- “Initial Tails” and “Final Heads”
- 3 Ways To Make OH A Better Leaving Group
- A Simple Formula For 7 Important Aldehyde/Ketone Reactions
- Acids (Again!)
- Activating and Deactivating
- Actors In Every Acid Base Reaction
- Addition – Elimination
- Addition Pattern 1 – Carbocations
- Addition pattern 2 – 3 membered rings
- Addition Reactions
- Aldehydes And Ketones – Addition
- Alkene Pattern #3 – The “Concerted” Pathway
- Alkyl Rearrangements
- Alkynes – 3 Patterns
- Alkynes: Deprotonation and SN2
- Aromaticity: Lone Pairs
- Avoid These Resonance Mistakes
- Best Way To Form Amines
- Bulky Bases
- Carbocation Stability
- Carbocation Stability Revisited
- Carboxylic Acids are Acids
- Chair Flips
- Cis and Trans
- Conjugate Addition
- Curved Arrow Refresher
- Curved Arrows
- Determining Aromaticity
- Diels Alder Reaction – 1
- Dipoles: Polar vs. Covalent Bonding
- E2 Reactions
- Electronegativity Is Greed For Electrons
- Electrophilic Aromatic Substitution – Directing Groups
- Elimination Reactions
- Enantiocats and Diastereocats
- Epoxides – Basic and Acidic
- Evaluating Resonance Forms
- Figuring Out The Fischer
- Find That Which Is Hidden
- Formal Charge
- Frost Circles
- Gabriel Synthesis
- Hofmann Elimination
- How Acidity and Basicity Are Related
- How Are These Molecules Related?
- How Stereochemistry matters
- How To Stabilize Negative Charge
- How To Tell Enantiomers From Diastereomers
- Hybridization Shortcut
- Imines and Enamines
- Importance of Stereochemistry
- Intermolecular Forces
- Intro to Resonance
- Ketones on Acid
- Kinetic Thermodynamic
- Making Alcohols Into Good Leaving Groups
- Markovnikov’s rule
- Mechanisms Like Chords
- Mish Mashamine
- More On The E2
- Newman Projections
- Nucleophiles & Electrophiles
- Nucleophilic Aromatic Substitution
- Nucleophilic Aromatic Substitution 2
- Order of Operations!
- Oxidation And Reduction
- Oxidative Cleavage
- Pi Donation
- Pointers on Free Radical Reactions
- Protecting Groups
- Protecting Groups
- Proton Transfer
- Putting it together (1)
- Putting it together (2)
- Putting it together (3)
- Putting the Newman into ACTION
- Reaction Maps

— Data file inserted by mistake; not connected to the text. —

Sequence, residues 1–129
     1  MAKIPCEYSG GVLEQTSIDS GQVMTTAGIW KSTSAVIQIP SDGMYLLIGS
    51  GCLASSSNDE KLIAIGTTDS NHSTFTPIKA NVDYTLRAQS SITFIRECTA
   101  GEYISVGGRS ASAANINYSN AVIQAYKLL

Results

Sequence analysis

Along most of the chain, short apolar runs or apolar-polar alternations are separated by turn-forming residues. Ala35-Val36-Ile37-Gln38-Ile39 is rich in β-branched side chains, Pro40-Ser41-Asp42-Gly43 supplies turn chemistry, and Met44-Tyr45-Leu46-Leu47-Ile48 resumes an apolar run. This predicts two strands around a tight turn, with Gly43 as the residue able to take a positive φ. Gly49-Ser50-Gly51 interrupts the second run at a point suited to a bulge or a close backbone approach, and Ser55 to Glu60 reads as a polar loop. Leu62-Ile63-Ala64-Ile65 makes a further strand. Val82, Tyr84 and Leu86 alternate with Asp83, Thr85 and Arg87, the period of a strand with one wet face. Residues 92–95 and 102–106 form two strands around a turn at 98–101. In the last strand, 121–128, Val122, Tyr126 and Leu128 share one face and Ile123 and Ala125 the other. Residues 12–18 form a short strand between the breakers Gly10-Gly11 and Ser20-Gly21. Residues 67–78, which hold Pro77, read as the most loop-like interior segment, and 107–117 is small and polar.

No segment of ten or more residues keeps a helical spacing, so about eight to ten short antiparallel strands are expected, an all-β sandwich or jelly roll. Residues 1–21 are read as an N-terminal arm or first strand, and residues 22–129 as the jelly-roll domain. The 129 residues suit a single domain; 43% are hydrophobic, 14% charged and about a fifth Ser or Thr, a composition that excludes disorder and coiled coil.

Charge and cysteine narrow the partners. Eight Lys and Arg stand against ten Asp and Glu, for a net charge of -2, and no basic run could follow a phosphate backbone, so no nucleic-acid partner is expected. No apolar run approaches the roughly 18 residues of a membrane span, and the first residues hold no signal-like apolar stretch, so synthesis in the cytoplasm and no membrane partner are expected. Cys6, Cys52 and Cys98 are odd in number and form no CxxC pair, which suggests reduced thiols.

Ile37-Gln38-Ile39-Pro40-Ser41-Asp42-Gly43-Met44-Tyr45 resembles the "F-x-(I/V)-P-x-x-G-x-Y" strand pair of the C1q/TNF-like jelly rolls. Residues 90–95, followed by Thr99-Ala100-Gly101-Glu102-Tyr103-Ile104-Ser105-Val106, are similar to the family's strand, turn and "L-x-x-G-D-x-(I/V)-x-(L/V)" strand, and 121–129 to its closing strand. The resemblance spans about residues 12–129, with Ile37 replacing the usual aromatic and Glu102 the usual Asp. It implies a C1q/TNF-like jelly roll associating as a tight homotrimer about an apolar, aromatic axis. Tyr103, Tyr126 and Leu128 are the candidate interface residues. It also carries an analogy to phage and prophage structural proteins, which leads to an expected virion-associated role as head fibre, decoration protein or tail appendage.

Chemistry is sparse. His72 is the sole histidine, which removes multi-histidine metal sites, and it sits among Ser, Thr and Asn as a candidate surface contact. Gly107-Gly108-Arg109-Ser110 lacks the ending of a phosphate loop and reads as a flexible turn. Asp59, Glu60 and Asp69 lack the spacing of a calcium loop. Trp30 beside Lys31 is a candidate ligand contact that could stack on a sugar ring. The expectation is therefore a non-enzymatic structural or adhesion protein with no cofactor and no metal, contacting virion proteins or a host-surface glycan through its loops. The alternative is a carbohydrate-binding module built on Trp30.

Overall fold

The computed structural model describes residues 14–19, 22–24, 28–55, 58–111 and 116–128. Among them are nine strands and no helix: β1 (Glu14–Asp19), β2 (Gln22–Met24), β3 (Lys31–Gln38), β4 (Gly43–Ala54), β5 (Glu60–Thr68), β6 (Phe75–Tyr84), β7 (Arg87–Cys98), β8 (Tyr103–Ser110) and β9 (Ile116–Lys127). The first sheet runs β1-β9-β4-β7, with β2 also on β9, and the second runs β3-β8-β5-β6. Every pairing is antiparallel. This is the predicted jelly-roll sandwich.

- Recognizing Endo and Exo
- Redraw / Modify
- Robinson Annulation
- Robinson Annulation Mech
- Sigma and Pi Bonding
- SN1 vs SN2
- sn1/sn2 – Putting It Together
- sn1/sn2/e1/e2 – Exceptions
- sn1/sn2/e1/e2 – Nucleophile
- sn1/sn2/e1/e2 – Solvent
- sn1/sn2/e1/e2 – Substrate
- sn1/sn2/e1/e2 – Temperature
- Strong Acid Strong Base
- Strong And Weak Oxidants
- Strong and Weak Reductants
- Stronger Donor Wins
- Sugars (2)
- Synthesis (1) – “What’s Different?”
- Synthesis (2) – What Reactions?
- Synthesis (3) – Figuring Out The Order
- Synthesis Part 1
- Synthesis Study Buddy
- Synthesis: Walkthrough of A Sample Problem
- Synthesis: Working Backwards
- The 4 Actors In Every Acid-Base Reaction
- The Claisen Condensation
- The E1 Reaction
- The Inflection Point
- The Meso Trap
- The Michael Reaction
- The Nucleophile Adds Twice (to the ester)
- The One-Sentence Summary Of Chemistry
- The Second Most Important Carbonyl Mechanism
- The Single Swap Rule
- The SN1 Reaction
- The SN2 Reaction
- The Wittig Reaction
- Three Exam Tips
- Tips On Building Molecular Orbitals
- Top 10 Skills
- Try The Acid-Base Reaction First
- Two Key Reactions of Enolates
- What makes a good leaving group?
- What Makes A Good Nucleophile?
- What to expect in Org 2
- Work Backwards
- Zaitsev’s Rule
A few days ago I mentioned how three reactions of alkynes were kind of “weird” – hydration, oxymercuration, and hydroboration.
Today, let’s dig into that a bit.
In each of these three reactions, we break a carbon-carbon Pi bond and form a carbon-oxygen single bond and a carbon hydrogen single bond.
In the case of hydration (H3O+) and oxymercuration (HgSO4, H2O) the addition is “Markovnikoff”.
In the case of hydroboration (1. BH3, 2. H2O2/NaOH) the reaction is “anti-Markovnikoff”.
So far so good.
Notice how we have an alkene attached to an alcohol? We call these species “enols”.
However, there’s an extra wrinkle to the chemistry of these compounds that is just touched on in Org 1. We go into it in a lot more detail in Org 2.
Enols don’t tend to be very stable. They exist in an equilibrium with a constitutional isomer (remember – same formula, different connectivity). If you move a proton from the O to the C, and break C-C (pi) and form C-O (pi), you get a different functional group – a carbonyl.
We call this the “keto” form.
And the transformation of the enol into the keto form goes by the name “tautomerism”.
Tautomerism is a spontaneous process. There’s little that can be done to stop it. What this means is that as soon as the enol is formed, it will be transformed into its more stable keto form.
What that means for each of the three species above, is that they will be converted into ketones (the first two) and an aldehyde (the last one).
So in the cases we went through here, oxymercuration and hydration are a way to make ketones from alkynes. And hydroboration is a way to make aldehydes from alkynes.
You probably haven’t learned many ways of making aldehydes/ketones yet (besides ozonolysis) so this should come in handy for synthesis problems if it’s given to you.
Thanks for reading! James
PS Note how we always start with a terminal alkyne in these examples? One end of the alkyne is bonded to C and one is bonded to H? If we don’t use a terminal alkyne in this process, both ends of the alkyne are “equally substituted”. So we can’t have Markovnikoff selectivity, we’ll end up getting a mixture of products.